Pathogens such as Listeria are particularly affected because they are more sensitive than the accompanying natural microbial population (flora). As a consequence, it is possible that the bacteria don’t sufficiently grow to reach the limit of detection of the rapid test, thus giving a false-negative result as shown in Table 1.

It is then of utmost importance to ensure the effectiveness of the sampling kit, although a standard method for evaluating the kit doesn’t exist.

This method should be developed and validated using negative and positive controls to ensure an accurate interpretation of the results. It should preferably mimic the industrial use of the kit by the recovery of the stressed sensitive pathogen from an inoculated surface. Since humidity strongly influences bacterial survival and, consequently, the test results, the inoculum (number of bacteria used) and the relative ambient humidity rate should be taken into consideration.

Neutralizing Agent
As the sampling kit also includes a neutralizing agent, some other controls are necessary.  In fact, the neutralizing capacity of the wetting solution must be guaranteed. Since most of the environmental samples are taken after a cleaning or sanitation process, it becomes fundamental that the kit is able to neutralize any trace of disinfectant. If it is not able to neutralize it properly, the growth of the target bacteria could be affected and false-negative results could be obtained.

Solution pH
Another simple but important test is to verify the pH of the solution. Most of the sampling kits are sterilized by gamma irradiation because of the significant advantages over other methods of producing sterile products. These benefits include low temperature and simple validation of the process, better assurance of product sterility than filtration and aseptic processing, no residue like ethylene oxide left behind and more penetration than an electron beam.

Keep in mind that gamma irradiation is not only capable of killing microorganisms; it can also produce free radicals from water molecules, which can affect the solution. The principal effects that can be observed when a solution is not stabilized are changes in its general characteristics or pH. The pH drops drastically, with the possibility of becoming very acidic. Taking into consideration that the bacterial growth can be reduced by the pH effect, it is very important that the solution present in the sampling kit has the right pH.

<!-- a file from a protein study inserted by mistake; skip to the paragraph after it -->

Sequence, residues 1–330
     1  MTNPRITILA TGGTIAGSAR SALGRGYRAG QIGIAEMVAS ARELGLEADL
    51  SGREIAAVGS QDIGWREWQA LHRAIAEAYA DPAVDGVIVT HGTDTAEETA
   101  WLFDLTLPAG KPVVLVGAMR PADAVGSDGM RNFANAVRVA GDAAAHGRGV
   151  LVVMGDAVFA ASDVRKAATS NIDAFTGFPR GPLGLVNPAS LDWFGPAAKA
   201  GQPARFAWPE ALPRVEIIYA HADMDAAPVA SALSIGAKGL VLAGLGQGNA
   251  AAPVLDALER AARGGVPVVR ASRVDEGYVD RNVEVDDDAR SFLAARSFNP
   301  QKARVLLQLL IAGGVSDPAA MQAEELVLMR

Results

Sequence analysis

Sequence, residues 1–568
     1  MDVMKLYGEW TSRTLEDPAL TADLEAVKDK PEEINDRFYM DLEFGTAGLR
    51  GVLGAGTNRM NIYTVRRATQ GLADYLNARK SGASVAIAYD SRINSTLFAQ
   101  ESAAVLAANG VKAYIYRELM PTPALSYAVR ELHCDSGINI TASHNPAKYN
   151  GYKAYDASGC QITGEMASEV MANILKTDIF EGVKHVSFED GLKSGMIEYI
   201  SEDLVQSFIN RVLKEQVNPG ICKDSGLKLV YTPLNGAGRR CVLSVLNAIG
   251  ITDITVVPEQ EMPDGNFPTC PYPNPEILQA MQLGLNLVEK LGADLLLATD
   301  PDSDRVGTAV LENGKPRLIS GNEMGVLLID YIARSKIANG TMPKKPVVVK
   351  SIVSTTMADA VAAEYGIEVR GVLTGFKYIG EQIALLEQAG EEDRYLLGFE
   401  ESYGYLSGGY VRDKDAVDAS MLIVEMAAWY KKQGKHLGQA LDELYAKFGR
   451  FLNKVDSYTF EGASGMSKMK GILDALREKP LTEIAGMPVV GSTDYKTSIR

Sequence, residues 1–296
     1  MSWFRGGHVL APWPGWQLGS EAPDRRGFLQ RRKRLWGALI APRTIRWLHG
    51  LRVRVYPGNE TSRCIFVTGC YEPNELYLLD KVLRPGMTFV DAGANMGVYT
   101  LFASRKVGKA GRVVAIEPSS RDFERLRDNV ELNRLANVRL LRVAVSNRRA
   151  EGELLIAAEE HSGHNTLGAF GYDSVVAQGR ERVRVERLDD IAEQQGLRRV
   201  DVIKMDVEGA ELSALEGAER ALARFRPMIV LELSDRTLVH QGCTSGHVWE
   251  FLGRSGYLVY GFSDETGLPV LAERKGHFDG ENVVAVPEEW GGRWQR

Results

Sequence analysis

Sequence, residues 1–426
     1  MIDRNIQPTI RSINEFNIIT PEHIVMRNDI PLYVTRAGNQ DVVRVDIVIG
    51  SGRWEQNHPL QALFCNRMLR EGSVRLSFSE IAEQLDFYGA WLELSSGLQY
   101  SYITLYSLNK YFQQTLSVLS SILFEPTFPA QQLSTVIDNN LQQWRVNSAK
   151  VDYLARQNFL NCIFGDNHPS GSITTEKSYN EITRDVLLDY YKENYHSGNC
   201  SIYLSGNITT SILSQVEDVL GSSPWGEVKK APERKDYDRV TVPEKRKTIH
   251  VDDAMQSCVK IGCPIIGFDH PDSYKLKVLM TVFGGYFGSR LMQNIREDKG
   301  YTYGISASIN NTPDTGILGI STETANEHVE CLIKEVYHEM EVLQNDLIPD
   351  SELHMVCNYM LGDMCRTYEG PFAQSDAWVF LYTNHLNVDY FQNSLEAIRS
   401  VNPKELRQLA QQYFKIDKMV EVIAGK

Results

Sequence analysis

The bacteria present in a food processing environment is frequently stressed and, as such, more sensitive to low pH. It would be a good practice for the quality control team to verify, on site, the pH of the kit they use for sampling.

The sterility of the kit is essential because it guarantees that no microorganism, particularly pathogens, is introduced in food processing companies through the sampling tools. The sterility becomes crucial when the cleaning of a food contact surface is evaluated by total aerobic microbial count.

It is very important that the quality control team in the food processing industry verifies the conformity of the tools used (for a summary, see Table 2) to evaluate their food safety program. This is essential to reinforce the credibility of the environmental sampling program.

Dr. Gabriela Martinez obtained her Ph.D. in microbiology. She presently works for Labplas as the scientific director, where her focus is on the development and improvement of sampling tools that help the industry in their sanitary process.